President Vladimir Putin announced a partial mobilization in a pre-recorded TV ad on the morning of September 21, upping the ante in the war with Ukraine and bringing a direct conflict between the West and Russia one step closer.
Putin had to do something. The military campaign in Ukraine was not going well before Kyiv launched its spectacularly successful counter-offensive two weeks ago, which swept Russian forces from the Kharikiv region and in recent days also recaptured villages in the Luhansk region, which had been fully occupied. by Russia.
The incursions into Luhansk are a major strategic blow because Putin’s only publicly stated war goal is the “liberation” of the Donbass region, which includes Donestsk and Luhansk. Understaffed and with low morale, the war is going badly for Putin. And it’s an existential fight for the Russian strongman. If he loses on the battlefield, chances are he will face a palace coup and be ousted.
By declaring a mobilization, Putin has upped the ante and hopes to change the narrative. The practical result is that the armed forces can tap into a pool of 2 million military reservists and solve their manning problem. But Defense Minister Sergei Shoigu announced the same day that the Kremlin would only call up 300,000 of these men, those with the most experience, and that groups like students are exempt.
The decision was extreme and carries real political risks. Most Russians support the war, but only passively. According to the polls, few are actually ready to go to Ukraine and fight. This is the reason for the partial mobilization – to keep the numbers manageable and avoid the political backlash that a general mobilization might cause.
The mobilization comes a day after the Duma dramatically toughened sentences for avoiding national service to a maximum prison term of 15 years which comes into effect on Wednesday.
On the same day, the various Kremlin proxies in Donetsk and Lugansk and other occupied Ukrainian regions announced a snap referendum on Ukraine’s succession and membership in the Russian Federation. Those of Donbass will take place this weekend and the region could become part of Russia by Monday. The other regions, including Kherson, will hold their votes next week.
If Donbas joins Russia, it changes the narrative from a “special military operation” in another country to “protect” Russian citizens living there, to “NATO-backed Ukraine attacks Russian sovereign territory” .
According to Russia’s security manifesto, if an attack on Russia is deemed an “existential threat” to the country, the Kremlin is allowed to use nuclear weapons. Putin raised exactly this point on his morning show and added the conclusion: “It’s not a bluff”.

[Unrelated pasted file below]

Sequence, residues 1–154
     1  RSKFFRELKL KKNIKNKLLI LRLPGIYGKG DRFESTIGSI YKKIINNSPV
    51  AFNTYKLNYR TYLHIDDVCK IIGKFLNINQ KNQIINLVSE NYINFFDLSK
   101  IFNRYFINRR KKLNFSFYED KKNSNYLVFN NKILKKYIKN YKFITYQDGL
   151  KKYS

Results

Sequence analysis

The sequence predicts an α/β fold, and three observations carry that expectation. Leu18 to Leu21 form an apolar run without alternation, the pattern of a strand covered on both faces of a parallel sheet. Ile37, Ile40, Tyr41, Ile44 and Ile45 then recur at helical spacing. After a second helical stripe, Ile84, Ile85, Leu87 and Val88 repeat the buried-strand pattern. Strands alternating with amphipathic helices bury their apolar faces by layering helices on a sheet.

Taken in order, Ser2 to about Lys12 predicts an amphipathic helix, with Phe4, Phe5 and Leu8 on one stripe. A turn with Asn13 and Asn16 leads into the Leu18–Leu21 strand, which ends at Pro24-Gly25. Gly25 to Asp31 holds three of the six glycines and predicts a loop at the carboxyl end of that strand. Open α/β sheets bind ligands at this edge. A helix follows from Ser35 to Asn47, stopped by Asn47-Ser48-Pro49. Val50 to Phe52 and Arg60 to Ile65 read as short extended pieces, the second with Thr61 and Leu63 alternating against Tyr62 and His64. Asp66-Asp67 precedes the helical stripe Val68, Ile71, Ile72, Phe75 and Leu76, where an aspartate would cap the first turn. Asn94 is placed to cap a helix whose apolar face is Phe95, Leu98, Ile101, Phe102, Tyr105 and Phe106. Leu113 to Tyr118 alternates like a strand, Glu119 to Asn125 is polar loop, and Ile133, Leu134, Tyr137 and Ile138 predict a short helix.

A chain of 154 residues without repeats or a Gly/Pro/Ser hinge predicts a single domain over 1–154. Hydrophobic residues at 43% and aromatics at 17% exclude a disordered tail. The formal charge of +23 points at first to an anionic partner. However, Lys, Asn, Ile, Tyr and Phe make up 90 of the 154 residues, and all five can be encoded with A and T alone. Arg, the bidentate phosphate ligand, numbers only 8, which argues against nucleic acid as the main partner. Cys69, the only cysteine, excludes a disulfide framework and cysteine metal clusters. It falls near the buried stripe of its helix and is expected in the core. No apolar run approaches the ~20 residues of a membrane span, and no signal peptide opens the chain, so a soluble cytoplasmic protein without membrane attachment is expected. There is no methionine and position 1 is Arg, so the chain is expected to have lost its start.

Putin generally always means what he says, even if his subordinates constantly lie or prevaricate, and this threat should be taken seriously. What is remarkable about this conflict is that Putin has repeatedly shown that at every stage he is willing to go to shocking extremes – starting with the invasion itself.
He sees the Ukraine issue as an existential issue of securing Russia’s national security and is ready to do anything to guarantee it. Ironically, that means destroying Russia’s economy and undoing nearly all the material progress it has overseen over the past two decades. He also united NATO forces against him and pushed Sweden and Finland into the arms of NATO. But Putin doesn’t seem to care. As Ukraine borders the European part of Russia where 80% of the population lives, the settlement of the question of the status of Ukraine has become a obsession for the Russian president.
NATO will have to be more careful now that Putin has laid the groundwork for the claim that the West is indirectly attacking Russian soldiers not only by sending powerful weapons to Kyiv, but that the West is now attacking the territory Russian sovereign in the Donbass, via its Ukrainian territory. proxy, and this is an act of war by the West.
Will the mobilization turn the tide of the battle in the Donbass? It’s possible, but new recruits will take time to arrive and deploy, and in the meantime, soldiers from Kyiv continue to retake more territory. However, with so much territory still under Russian control, it seems unlikely that Ukraine will achieve its goal of driving Russian forces out of its country before these new reinforcements arrive.
The mobilization decision shows that Putin will do whatever he thinks it takes to achieve his goals, no matter the cost to Russia, Ukraine or the peoples of either country.